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How Is the Life Sciences Sector Tackling Sustainability?

12 March 2021

By Jay Freeman

How Is the Life Sciences Sector Tackling Sustainability?

Discussions around sustainability have increased in recent years, and the impact of the Covid-19 pandemic has introduced a renewed focus on adopting more sustainable practices for the future in the life sciences sector.

With the emission intensity of the pharmaceutical industry alone being 55% higher than the automotive’s, people are undoubtedly looking at how the life sciences sector intends to tackle sustainability, but also are considering the benefits of a more sustainable approach to business.

What defines a sustainable operation for a business?

Though the life sciences sector is heavily regulated, there is a greater emphasis on expanding these regulations towards wider initiatives, including mandatory environmental risk assessments and a push towards carbon neutrality.

In the UK for example, the NHS makes up 5% of all greenhouse gas emissions, with medical devices and pharmaceuticals accounting for 25% of the total health and social care footprint – meaning the net zero emissions legislation passed in 2019 with a target of zero emissions by 2050 puts the life sciences sector in a pivotal role.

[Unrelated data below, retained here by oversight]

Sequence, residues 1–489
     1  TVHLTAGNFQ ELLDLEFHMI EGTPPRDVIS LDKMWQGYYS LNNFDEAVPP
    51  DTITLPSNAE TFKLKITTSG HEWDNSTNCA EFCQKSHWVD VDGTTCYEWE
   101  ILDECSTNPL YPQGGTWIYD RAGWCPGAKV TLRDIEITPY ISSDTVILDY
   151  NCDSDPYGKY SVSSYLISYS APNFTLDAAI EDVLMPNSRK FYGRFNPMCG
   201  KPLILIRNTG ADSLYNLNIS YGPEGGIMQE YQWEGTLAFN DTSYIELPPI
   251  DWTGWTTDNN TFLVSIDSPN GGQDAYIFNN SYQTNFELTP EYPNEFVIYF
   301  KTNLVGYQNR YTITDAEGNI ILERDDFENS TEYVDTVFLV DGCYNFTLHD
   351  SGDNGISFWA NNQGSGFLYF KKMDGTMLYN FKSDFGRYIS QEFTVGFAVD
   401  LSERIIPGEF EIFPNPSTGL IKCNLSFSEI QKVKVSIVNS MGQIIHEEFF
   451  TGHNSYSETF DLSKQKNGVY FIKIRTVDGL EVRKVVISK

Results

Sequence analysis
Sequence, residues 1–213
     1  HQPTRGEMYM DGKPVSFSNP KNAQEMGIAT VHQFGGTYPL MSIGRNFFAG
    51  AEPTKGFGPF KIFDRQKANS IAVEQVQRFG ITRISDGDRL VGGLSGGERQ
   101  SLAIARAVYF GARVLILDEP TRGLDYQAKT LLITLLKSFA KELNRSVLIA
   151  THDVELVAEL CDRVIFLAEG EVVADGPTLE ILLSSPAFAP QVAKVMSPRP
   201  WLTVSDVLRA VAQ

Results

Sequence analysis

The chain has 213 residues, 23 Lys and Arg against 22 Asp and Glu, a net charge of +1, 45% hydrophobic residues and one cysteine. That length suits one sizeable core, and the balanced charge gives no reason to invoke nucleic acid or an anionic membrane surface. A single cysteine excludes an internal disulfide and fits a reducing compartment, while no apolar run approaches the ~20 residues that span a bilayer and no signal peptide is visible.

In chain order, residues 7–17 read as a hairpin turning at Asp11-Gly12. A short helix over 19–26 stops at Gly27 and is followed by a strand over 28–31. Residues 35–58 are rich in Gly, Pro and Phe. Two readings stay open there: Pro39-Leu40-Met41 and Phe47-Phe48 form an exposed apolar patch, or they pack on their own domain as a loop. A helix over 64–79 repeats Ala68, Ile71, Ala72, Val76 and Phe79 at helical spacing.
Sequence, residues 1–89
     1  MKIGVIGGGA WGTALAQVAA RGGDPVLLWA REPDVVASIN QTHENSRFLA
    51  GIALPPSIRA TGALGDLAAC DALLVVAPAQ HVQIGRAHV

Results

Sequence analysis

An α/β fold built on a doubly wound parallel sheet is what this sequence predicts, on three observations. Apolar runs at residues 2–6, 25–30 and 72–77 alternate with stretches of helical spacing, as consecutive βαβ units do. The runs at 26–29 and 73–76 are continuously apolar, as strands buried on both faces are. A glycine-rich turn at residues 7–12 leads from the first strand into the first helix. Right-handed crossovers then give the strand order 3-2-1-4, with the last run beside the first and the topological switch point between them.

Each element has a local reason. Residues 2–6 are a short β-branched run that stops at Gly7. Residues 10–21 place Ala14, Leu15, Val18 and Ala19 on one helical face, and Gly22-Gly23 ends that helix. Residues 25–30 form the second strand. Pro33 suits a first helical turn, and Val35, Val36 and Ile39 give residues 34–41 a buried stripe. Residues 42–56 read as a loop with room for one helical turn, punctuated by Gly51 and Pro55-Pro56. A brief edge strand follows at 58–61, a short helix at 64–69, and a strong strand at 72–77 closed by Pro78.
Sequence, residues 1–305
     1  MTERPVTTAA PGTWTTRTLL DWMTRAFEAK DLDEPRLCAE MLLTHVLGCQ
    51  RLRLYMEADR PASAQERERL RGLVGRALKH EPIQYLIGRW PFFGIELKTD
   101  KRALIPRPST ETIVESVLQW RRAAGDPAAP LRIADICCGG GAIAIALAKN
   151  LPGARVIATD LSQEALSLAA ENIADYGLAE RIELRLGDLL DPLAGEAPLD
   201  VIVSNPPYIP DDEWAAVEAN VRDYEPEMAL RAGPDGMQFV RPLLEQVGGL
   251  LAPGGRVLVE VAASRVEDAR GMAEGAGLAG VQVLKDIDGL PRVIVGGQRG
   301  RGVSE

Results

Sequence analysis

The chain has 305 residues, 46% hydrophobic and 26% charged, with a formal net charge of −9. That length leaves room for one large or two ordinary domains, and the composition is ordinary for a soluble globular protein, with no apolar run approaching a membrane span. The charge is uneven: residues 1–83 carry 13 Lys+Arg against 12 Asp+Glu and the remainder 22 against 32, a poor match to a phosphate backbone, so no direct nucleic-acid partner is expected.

There are a multitude of obstacles that the life sciences sector face in their journey towards sustainability.

So, how are businesses adopting sustainable practices, and are they truly driving more ethical practices?

The challenges of supply chains

In both the life sciences and pharmaceuticals industries, the issue of emission-intensity is consistently at the forefront.

Attempts to reduce delivery emissions and produce equipment faster (therefore reducing the chance of equipment shortages) have produced sustainable machines such as Automedi’s ‘FabLab’, an on-site machine making and assembling healthcare equipment at the point-of-care.

Fleet support is also available through a cloud-based fleet management platform, supported by a management team that can deliver consumables and hardware upgrades and recycle surplus materials – meaning the only emissions required are in the initial delivery, which Automedi are seeking electrical vehicles for in the future.

On-site energy efficiency

Though much of the focus on sustainability tends to be on supply chains, there is a lot of untapped potential in the way sustainability can be integrated, such as through energy efficiency.

California-based health system Kaiser Permanente became the first health system in the US to reach carbon neutrality in 2020 by focusing on the energy efficiency in its buildings, utilising on-site solar power and making more long-term purchases of renewable energy options.

This type of integrated approach has also led to reductions in waste and water use, and 100% sustainable or local food consumption, with Kaiser Permanente planning to reduce carbon emissions in its supply chain in future.

The problem with metrics

Even within a single organisation, there are different metrics that can be used to measure sustainability efforts – posing a unique problem for the life sciences industry in truly assessing the impact of their efforts.